At the height of her movie stardom, Cate Blanchett puts her commitment to the theater center stage—and, writes Adam Green, takes on one of the great dramatic roles of all time.
Cate Blanchett may have her own star on the Hollywood Walk of Fame and appear on a postage stamp as one of four “Australian Legends of the Screen,” but she remains a creature of the stage.
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Now, after a sold-out run in Sydney, she is bringing her acclaimed performance as Blanche Du Bois in Tennessee Williams’s A Streetcar Named Desire to the Brooklyn Academy of Music’s Harvey Theater.
On a balmy summer evening in London, I make my way into the lobby of the Royal Court, the legendary theater on Sloane Square that, since its ruckus-making 1956 production of John Osborne’s Look Back in Anger, has been a fervid incubator for boundary-pushing playwrights.
Blanchett and I are meeting here, at her suggestion, to see Grasses of a Thousand Colors, a three-hour-long dystopian fable by Wallace Shawn.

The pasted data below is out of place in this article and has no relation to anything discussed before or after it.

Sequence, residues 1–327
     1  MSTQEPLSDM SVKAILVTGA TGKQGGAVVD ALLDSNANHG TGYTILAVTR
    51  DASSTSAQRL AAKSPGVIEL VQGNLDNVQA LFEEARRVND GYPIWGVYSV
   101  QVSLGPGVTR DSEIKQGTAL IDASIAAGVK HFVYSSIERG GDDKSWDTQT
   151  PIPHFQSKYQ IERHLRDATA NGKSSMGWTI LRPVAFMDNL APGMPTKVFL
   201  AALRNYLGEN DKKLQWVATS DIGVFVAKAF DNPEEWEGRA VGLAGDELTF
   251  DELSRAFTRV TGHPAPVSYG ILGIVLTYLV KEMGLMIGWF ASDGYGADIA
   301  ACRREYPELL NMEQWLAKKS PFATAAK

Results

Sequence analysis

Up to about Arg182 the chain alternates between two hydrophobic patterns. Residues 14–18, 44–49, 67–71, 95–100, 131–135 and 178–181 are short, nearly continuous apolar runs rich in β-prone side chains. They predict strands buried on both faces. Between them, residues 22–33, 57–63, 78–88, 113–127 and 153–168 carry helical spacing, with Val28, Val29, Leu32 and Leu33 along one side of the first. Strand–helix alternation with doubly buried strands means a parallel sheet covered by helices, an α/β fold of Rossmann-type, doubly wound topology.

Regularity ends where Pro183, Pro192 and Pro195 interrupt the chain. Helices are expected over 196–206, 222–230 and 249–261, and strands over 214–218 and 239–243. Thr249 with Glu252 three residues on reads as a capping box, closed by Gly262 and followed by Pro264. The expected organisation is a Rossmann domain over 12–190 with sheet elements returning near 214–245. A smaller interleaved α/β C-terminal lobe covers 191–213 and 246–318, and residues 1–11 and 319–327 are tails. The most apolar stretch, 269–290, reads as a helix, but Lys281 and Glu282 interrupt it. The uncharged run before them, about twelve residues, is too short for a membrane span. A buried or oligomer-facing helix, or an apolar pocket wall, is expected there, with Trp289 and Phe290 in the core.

I find Blanchett, who has come straight from the Robin Hood set, sitting in a chair by the box office, her head buried in a book of Tennessee Williams’s collected letters.
She looks up, gives me a crooked smile, and we say hello.
As we make our way down the aisle to our seats, I imagine our fellow audience members trying not to point and stare as they whisper, “Who is that dashing chap with Cate Blanchett?
” I quickly realize that either these English are very cool customers or they haven’t noticed just who my date is.
On-screen and on the red carpet, Blanchett is every inch a woman.
Here, waifish in a charcoal Dior Homme suit, a white shirt, and shiny copper Adidas, her hair pulled back to accentuate her unadorned face—the wide, high cheekbones; the almond-shaped, diamond-blue eyes; the ripe lips; the slightly squidgy nose; the pitcher-of-cream complexion—she looks more like a girl. Too young, in any case, to be getting ready to play a flighty spinster of fading charms whose “delicate beauty,” as Streetcar‘s author puts it, “must avoid a strong light.” I suggest as much to Blanchett, who touches my arm and says, “You’re so darling,” before pointing out that Blanche is actually described in the text of the play as being about 30.
“Of course, you could say that at the time Streetcar was written, once you hit 30 you were beginning to be past your use-by date,” she says.
“But Tennessee Williams doesn’t really operate on that level.